Tuesday February 13, 2024


For decades, notebooks with fish facts and scale samples sat in a basement. The government of British Columbia had commissioned the collection of scales from commercially caught sockeye salmon in the Skeena River watershed from 1912 to 1947. Conservation concerns were already cropping up at that time, and the effort sought to study the animals’ life histories.

Those samples, rediscovered around 2000, show patterns of population decline in the watershed, according to a 2019 study. Now, the same team has pried yet more information from the scales—revealing that juvenile salmon in the area have gotten about 20% larger over the past century as the climate has warmed.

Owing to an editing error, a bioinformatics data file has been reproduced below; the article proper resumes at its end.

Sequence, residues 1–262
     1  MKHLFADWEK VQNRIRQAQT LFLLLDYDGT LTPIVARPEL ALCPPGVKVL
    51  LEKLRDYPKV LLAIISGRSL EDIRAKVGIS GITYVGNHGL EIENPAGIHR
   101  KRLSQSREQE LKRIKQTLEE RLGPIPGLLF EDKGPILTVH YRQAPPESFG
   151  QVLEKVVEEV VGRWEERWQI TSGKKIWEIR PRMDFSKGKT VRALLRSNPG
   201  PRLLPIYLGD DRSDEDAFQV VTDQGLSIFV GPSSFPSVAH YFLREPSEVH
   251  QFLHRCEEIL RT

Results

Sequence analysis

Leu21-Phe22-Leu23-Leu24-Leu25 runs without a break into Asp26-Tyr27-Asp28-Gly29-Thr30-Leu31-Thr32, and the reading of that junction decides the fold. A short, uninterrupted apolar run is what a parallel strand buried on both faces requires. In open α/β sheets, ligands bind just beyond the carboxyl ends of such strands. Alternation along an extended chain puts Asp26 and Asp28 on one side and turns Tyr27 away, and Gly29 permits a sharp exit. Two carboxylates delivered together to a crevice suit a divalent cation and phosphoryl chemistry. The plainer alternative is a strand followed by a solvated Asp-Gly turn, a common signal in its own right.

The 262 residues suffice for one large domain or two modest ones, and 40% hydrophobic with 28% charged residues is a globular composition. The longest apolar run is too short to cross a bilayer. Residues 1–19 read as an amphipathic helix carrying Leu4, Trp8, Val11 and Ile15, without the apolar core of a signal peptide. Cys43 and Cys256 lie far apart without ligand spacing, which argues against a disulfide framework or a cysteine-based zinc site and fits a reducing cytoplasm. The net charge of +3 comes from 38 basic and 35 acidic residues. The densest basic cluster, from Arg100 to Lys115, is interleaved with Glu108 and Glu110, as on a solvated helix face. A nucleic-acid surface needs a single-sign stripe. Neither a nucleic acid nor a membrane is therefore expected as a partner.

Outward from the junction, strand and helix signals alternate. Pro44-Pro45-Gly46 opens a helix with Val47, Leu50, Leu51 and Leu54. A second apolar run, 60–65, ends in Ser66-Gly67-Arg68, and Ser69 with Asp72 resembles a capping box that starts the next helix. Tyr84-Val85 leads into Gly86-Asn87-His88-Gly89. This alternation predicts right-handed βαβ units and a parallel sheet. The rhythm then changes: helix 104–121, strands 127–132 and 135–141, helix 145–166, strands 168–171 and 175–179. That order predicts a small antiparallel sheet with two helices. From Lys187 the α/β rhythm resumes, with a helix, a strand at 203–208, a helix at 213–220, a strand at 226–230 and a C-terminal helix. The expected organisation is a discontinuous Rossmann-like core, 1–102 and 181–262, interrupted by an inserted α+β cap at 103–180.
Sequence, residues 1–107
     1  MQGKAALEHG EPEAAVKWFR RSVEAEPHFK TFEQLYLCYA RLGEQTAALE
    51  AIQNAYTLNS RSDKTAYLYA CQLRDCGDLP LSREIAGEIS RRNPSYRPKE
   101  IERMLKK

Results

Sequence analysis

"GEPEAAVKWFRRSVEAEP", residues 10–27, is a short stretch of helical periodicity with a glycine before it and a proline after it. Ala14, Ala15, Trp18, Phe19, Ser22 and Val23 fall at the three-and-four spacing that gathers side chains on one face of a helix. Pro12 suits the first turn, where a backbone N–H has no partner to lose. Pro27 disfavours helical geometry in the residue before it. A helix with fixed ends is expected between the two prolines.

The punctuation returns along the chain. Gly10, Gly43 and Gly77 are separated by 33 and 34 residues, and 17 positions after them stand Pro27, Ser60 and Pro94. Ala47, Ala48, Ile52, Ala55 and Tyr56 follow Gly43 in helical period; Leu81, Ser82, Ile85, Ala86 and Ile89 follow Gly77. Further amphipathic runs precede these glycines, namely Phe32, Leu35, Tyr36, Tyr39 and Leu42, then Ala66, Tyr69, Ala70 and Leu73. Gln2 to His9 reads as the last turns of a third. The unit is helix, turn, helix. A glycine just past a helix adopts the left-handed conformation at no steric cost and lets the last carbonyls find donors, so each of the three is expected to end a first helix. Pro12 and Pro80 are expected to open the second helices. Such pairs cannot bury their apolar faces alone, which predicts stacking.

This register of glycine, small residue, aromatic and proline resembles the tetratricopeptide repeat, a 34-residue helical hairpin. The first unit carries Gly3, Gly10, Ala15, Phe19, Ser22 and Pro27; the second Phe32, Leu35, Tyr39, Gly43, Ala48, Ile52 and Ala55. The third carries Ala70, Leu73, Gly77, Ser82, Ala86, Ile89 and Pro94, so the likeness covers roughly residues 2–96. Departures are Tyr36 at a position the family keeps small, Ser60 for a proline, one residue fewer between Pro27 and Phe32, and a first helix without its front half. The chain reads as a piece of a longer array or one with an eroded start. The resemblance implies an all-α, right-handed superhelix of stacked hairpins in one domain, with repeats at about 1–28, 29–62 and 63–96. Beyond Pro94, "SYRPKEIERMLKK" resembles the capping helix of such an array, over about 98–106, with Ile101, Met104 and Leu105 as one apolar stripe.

“We’ve been using fish scales as our window into the past,” said Michael Price, a biologist at Simon Fraser University in Burnaby, B.C., Canada. The scale collection had gone missing for 50 years. Skip McKinnell, one of the study’s coauthors, knew about the scale catalog and went looking for it. After a year of “intensive searching,” McKinnell found it at the Pacific Salmon Commission’s building in Vancouver, Price said.

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